“I went to the farewell party for the DeSoto Hotel,” Groves says. “The tavern they had downstairs was a jewel. They had a pool and miniature golf.

“But everything had to be new and up-to-date,” she says. “They even knocked down the Pape School.”

Cleaning Savannah

Even as buildings came down, the effort went on to save Savannah. A city beautification project began on River Street and other areas.

“We would sit on buckets and weed,” Groves says. “At noon, someone would say, ‘Cocktail time!’

“After a cocktail and a sandwich, we went back to weeding again,” she says. “We planted thousands of tulip bulbs.”

More needs to be done, Groves says.

“Look what’s been done to Victory Drive,” she says. “I grew up at the corner of Atlantic and 46th streets.

“The palm trees stretched from Ogeechee Road to Tybee and there were so many azaleas, people would stop and take pictures of them. We’ve lost a lot.

“What is going to happen in the future?” Groves says. “The demolition of Johnny Harris was awful. Look how many trees have been taken down and nobody seems to care.”

It was Cabell Stovall who started Keep Savannah Clean.

“We used to throw trash out the car windows,” author Cooper remembers. “Tybee Road was always littered. People even dumped trash at the beach so it would be carried out to the ocean.”

“Cabell Stovall put a talking trash can on Broughton Street,” Cooper says. “If someone came along and threw trash on the ground, the can would say, ‘Could you pick that up, please?’

“If someone put trash in the garbage can, it would say, ‘Thank you.’ It was actually Cabell Stovall sitting in a car with a microphone.

Groves own impact

Today Savannah is beautiful, landscaped and clean, and Groves remains as dedicated to preserving it as she has been in the past.

“She’s a leader,” says Jamie Credle, director of the Isaiah Davenport House and Museum. “She’s done a whole lot.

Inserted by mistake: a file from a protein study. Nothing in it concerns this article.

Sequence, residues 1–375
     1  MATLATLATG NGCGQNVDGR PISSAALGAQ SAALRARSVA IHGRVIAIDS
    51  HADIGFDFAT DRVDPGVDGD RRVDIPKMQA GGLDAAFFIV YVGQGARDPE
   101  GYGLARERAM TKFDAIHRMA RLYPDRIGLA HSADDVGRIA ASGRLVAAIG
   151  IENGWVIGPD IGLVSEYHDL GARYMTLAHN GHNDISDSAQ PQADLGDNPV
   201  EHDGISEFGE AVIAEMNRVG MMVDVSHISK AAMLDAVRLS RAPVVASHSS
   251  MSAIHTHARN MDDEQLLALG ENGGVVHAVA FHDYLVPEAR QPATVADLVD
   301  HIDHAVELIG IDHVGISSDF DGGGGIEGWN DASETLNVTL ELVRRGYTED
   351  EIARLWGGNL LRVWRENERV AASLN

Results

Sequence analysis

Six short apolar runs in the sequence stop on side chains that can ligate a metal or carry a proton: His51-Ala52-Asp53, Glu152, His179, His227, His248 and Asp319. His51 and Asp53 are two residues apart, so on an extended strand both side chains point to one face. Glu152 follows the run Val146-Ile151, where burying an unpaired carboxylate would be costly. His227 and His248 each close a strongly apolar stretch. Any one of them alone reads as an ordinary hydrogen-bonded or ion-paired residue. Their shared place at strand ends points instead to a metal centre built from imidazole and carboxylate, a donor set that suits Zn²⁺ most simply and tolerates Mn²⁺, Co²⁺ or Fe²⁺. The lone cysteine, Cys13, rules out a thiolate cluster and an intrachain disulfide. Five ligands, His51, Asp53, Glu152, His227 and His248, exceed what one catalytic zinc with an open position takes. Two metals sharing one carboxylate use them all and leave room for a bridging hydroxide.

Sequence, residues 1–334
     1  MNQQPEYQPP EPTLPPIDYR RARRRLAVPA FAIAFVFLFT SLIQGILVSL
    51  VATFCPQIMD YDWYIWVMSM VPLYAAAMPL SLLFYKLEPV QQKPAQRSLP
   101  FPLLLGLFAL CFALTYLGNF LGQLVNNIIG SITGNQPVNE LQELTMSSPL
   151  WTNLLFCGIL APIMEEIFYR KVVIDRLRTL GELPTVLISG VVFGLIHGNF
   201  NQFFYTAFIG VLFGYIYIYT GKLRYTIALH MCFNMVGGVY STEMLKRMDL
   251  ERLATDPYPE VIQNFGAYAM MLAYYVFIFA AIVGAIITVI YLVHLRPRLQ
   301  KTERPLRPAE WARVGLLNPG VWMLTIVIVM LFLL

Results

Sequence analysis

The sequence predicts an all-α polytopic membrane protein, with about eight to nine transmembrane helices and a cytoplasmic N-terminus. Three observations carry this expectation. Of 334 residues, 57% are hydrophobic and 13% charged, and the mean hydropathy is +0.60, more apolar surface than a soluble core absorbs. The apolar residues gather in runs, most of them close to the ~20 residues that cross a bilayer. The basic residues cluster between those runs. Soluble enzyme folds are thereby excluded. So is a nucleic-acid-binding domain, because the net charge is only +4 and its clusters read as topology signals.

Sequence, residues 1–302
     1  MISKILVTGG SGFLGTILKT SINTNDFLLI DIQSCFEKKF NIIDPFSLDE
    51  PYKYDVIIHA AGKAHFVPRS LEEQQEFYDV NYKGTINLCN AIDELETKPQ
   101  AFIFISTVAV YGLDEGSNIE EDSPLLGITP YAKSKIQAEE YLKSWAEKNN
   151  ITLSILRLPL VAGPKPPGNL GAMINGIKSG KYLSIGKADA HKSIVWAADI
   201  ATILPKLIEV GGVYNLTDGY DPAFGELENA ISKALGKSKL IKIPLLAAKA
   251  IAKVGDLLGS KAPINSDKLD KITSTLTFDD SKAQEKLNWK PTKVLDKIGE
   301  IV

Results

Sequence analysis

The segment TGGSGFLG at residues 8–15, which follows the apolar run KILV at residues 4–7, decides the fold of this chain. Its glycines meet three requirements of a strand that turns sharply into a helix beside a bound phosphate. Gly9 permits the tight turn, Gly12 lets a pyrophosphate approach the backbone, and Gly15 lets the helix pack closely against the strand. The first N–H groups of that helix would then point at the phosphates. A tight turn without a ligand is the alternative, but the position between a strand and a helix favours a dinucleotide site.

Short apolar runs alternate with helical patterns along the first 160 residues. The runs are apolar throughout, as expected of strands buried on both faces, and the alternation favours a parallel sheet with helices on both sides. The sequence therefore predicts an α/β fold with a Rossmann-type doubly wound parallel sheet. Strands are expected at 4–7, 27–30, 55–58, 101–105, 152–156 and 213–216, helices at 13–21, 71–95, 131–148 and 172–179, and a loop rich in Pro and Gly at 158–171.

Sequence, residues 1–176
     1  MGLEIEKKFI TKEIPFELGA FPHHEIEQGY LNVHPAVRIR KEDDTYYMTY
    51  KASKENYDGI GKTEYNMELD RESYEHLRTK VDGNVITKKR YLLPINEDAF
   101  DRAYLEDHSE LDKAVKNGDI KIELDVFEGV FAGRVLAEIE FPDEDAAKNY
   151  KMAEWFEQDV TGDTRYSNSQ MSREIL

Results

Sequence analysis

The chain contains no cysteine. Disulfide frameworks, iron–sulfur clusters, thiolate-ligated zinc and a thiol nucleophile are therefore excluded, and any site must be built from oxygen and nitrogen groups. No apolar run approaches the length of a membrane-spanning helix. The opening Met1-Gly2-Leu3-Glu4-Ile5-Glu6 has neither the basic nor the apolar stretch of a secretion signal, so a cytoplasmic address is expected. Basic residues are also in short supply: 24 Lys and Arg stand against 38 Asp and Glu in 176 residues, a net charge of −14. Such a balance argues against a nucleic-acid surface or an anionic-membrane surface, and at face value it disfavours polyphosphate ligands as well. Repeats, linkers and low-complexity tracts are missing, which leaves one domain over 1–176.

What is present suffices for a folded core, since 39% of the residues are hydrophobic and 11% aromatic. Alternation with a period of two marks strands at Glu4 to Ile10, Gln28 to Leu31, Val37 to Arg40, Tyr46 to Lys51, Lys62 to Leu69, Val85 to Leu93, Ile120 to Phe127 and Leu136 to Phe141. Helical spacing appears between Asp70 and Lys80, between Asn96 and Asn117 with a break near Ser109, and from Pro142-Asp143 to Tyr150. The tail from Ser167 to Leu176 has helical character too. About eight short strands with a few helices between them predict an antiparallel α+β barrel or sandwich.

“She was the president of the student body at Pape School. She received an award from the Red Cross.

“During World War II, she rolled bandages and ran the canteen,” Credle says. “She raised her family, and started the Savannah Country Day School. She and her late husband, Robert W. Groves Jr., started the Highland Games at Grandfather Mountain, N.C.”

“For whatever reason, she loves the Davenport House,” Credle says. “She used to call every day. Some of it was social, but most of it was business.

“In the ’90s, the Davenport House was in need of care, and she and Clare Ellis started an endowment,” Credle says. “They met at Cordelia’s house and visited people and raised a lot of money. Their goal was $1 million.”

The two knew the money was crucial for preservation needs, so they raised an additional $280,000.

“The Davenport House was restored from 2000 to 2003,” Credle says. “I came here in 2002. There was a new air-conditioning system and they upgraded the infrastructure.

“They wanted to give the Davenport House credibility with our interpretation,” she says. “We do have a story to tell here.”

In 2003, Groves started the Friends of the Davenport House.

“She always understood the importance of raising money,” Credle says. “She has a way to find people to perpetuate her vision. She makes us feel part of all of it.

“She makes everything fun. There’s laughter involved, camaraderie, and she’s very generous.”

In 2005, the Preserve America Presidential Award for Private Preservation was given to the Davenport House by President George W. and Mrs. Laura Bush in the Rose Garden of The White House.

“Only four places in America received the award each year,” Credle says. “The Davenport House’s recognition had a lot to do with the fact that everything was accomplished through private and local commitments. It is all about individual communities, all local communities, and private preservation.”

In 2008, Groves received the Historic Savannah Foundation’s highest honor, the Davenport Award.

“She’s concerned about the Davenport House and its future,” Credle says. “If she has a concern, she works to make it better.

“There are so many things she’s worked for. The fact that the Davenport House is thriving is due to her and the work she has done.

But Groves rarely talks about her achievements.

“She doesn’t toot her own horn,” Credle says. “She stays in the background and allows other people to shine. Her joy is seeing her projects becoming successful.

“She knew the seven ladies. Savannah was able to rise like a phoenix. It’s a miracle.

“The fabulous thing is, today Savannah is a tourist destination,” Credle says. “These ladies were role models. They set a precedent. It’s pure girl power.”

Above all else, Groves is unique.

“She’s made of fairy dust,” Credle says. “They just don’t make them like that anymore.”